On weekends, I participate in a local community orchestra, in an attempt to remain connected to the musical community and keep my skills sharp. I also just enjoy playing. This semester, we are preparing a concert of movie music and show tunes – my favorite kind of concert to give – and although I am enjoying our rehearsals and our repertoire, rehearsing with this small orchestra of devoted amateurs is only a shadow of the experience of playing music from Broadway and film with my college symphony to a full concert hall years ago.

Nevertheless, I don’t want the semester to end, because sometimes, as we rehearse tunes from Showboat, I am transported back eight years to the stage in Burruss Hall in Blacksburg, where I am dressed all in black, sitting under hot stage lights, accompanying our guest soloist as she sings, “Can’t Help Lovin’ Dat Man” (As an aside, Showboat is either progressive for its time in how it depicts black Americans, or it’s regressive – it depends on who you talk to). Or I’m in the student center, rehearsing Danny Elfman’s Batman theme, making the walls shake with sound, or I’m poking my friend as we watch Sin City in the theater, excitedly whispering, “That’s Sensemaya! We’re performing that this year.”

There’s something about playing the score of a film that makes you feel like you’re a part of the movie – like somehow you have more right to loving it than others, because you’ve recreated it, and therefore you understand it in a way that other people simply can’t. You know that the soli part at the beginning of Lord of the Rings, which sounds so simple, is actually syncopated in such a way that it’s pretty difficult to nail the rhythm. You know the feeling, not just the sound, of horns reverberating through your body during Batman. You were there. You were part of it.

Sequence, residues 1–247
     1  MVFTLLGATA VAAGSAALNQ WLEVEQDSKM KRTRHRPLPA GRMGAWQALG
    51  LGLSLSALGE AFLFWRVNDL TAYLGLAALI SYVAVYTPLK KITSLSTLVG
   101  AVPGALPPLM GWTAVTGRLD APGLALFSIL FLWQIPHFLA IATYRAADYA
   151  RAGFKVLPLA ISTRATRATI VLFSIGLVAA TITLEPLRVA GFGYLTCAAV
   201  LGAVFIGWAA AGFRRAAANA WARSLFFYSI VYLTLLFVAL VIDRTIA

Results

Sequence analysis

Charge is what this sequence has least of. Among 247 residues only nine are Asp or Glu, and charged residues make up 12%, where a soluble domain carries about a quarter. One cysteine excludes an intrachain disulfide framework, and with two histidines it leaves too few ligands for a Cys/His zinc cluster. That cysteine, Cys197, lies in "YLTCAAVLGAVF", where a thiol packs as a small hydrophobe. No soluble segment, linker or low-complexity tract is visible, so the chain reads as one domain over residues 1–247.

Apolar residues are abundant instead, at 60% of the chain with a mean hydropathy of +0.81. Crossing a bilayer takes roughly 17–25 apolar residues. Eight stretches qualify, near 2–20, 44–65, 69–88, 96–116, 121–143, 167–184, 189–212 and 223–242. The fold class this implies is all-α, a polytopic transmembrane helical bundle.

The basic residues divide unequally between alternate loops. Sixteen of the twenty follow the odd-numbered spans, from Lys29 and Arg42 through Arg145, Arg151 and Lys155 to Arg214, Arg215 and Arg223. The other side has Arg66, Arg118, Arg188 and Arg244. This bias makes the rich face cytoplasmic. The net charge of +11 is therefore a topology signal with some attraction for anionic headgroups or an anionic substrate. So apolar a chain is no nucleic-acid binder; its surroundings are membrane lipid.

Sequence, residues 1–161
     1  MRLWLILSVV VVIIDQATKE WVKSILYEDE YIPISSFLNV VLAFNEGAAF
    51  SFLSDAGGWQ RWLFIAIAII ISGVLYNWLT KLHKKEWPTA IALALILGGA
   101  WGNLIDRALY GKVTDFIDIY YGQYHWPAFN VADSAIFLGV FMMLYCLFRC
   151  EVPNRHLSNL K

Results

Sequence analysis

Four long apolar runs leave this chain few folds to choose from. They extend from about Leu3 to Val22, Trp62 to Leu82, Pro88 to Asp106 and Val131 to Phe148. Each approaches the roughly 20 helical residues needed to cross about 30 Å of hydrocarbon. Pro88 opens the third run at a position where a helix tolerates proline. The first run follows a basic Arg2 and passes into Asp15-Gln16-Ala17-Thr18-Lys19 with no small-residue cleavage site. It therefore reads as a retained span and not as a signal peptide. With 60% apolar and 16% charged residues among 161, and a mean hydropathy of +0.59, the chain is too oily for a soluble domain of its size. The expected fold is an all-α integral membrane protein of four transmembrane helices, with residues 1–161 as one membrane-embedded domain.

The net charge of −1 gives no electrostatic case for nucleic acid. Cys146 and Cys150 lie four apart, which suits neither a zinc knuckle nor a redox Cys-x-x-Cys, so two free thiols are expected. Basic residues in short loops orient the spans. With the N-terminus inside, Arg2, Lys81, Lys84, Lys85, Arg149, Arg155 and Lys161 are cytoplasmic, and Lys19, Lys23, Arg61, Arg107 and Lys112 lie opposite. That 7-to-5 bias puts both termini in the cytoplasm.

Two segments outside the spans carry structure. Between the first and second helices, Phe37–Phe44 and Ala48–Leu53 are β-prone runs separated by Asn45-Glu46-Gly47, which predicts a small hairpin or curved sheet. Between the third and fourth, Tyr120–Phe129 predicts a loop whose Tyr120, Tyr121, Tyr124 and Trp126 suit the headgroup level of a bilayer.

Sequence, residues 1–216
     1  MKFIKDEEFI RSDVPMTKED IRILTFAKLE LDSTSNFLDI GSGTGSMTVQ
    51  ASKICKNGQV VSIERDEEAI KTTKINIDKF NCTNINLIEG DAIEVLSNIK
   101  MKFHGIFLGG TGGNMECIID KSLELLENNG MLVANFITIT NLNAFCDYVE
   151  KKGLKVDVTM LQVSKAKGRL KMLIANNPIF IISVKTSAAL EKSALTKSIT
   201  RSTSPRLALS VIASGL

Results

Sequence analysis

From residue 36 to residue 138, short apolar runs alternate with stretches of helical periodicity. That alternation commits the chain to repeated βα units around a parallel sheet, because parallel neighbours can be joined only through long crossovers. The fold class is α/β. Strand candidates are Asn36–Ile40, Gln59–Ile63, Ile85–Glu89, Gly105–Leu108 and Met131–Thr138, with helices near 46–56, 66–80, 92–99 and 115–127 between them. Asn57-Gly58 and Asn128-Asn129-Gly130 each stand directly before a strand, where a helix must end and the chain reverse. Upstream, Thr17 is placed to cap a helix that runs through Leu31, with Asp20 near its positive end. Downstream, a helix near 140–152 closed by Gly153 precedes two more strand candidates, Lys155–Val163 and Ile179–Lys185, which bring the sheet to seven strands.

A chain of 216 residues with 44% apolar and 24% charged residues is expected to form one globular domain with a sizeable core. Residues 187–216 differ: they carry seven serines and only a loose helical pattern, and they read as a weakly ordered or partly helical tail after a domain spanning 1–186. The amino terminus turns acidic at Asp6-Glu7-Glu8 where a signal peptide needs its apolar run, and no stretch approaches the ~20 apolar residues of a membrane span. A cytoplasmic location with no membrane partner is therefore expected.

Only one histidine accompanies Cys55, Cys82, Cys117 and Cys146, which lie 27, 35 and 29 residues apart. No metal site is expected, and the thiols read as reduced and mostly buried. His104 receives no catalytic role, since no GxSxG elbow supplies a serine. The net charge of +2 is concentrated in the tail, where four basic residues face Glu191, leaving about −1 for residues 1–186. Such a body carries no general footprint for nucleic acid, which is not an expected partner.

Unfortunately, my career as a symphonic violinist probably peaked when I was 20. Despite repeatedly putting myself out there, I have crippling stage fright. Crippling, in that I tremble so violently that I lose control of my performance. This is actually no problem on stage with full orchestra, but the issue is that you have to audition to get into that orchestra, and in an audition you’re completely exposed.

If it weren’t for the stage fright, however, I would have at least minored in performance, and then perhaps I could have recaptured that feeling of being a part of something by not just giving a concert of movie music, but by actually recording music for film. How cool would that be? To be a fundamental part of the setting AND story. Manipulating the audience’s emotions. Feeling those emotions yourself.

Because the music in film is fundamental. If it’s not there, you know it – it’s a deliberate artistic move. If it’s not done well, or done haphazardly, you know it – it’s like reaching for sugar but tasting salt. The music supports the plot, tells you what’s happening, what’s about to happen, etc. (for more on this, see Jack Black in The Holiday). Before there were even spoken lines in film, there was music.

In some cases, the music even leaves the movie behind, and becomes a part of our cultural canon. Consider the screeching from Psycho, or the two notes of Jaws. Many know the meaning of that music, and use it to help tell stories or make a point, before they have any idea where it came from. Then there are popular songs that have lived on while the films they came from lose popularity: “Summertime” from Porgy and Bess, for example, or “’Til There Was You” from The Music Man. (Both were musicals made into films, of course, but films nonetheless).

This influence means that the composer is powerful, like the director or the screenwriter, in shaping your experience… yet they receive a fraction of the popular recognition.

Over the next few weeks, I’ll do my small part to change that, by introducing you to a few of the names behind historical and contemporary musical scores, and exploring the music of recent box office behemoths. In the meantime, imagine a world without themes from Star WarsIndiana JonesHarry Potter

…you can’t do it, can you?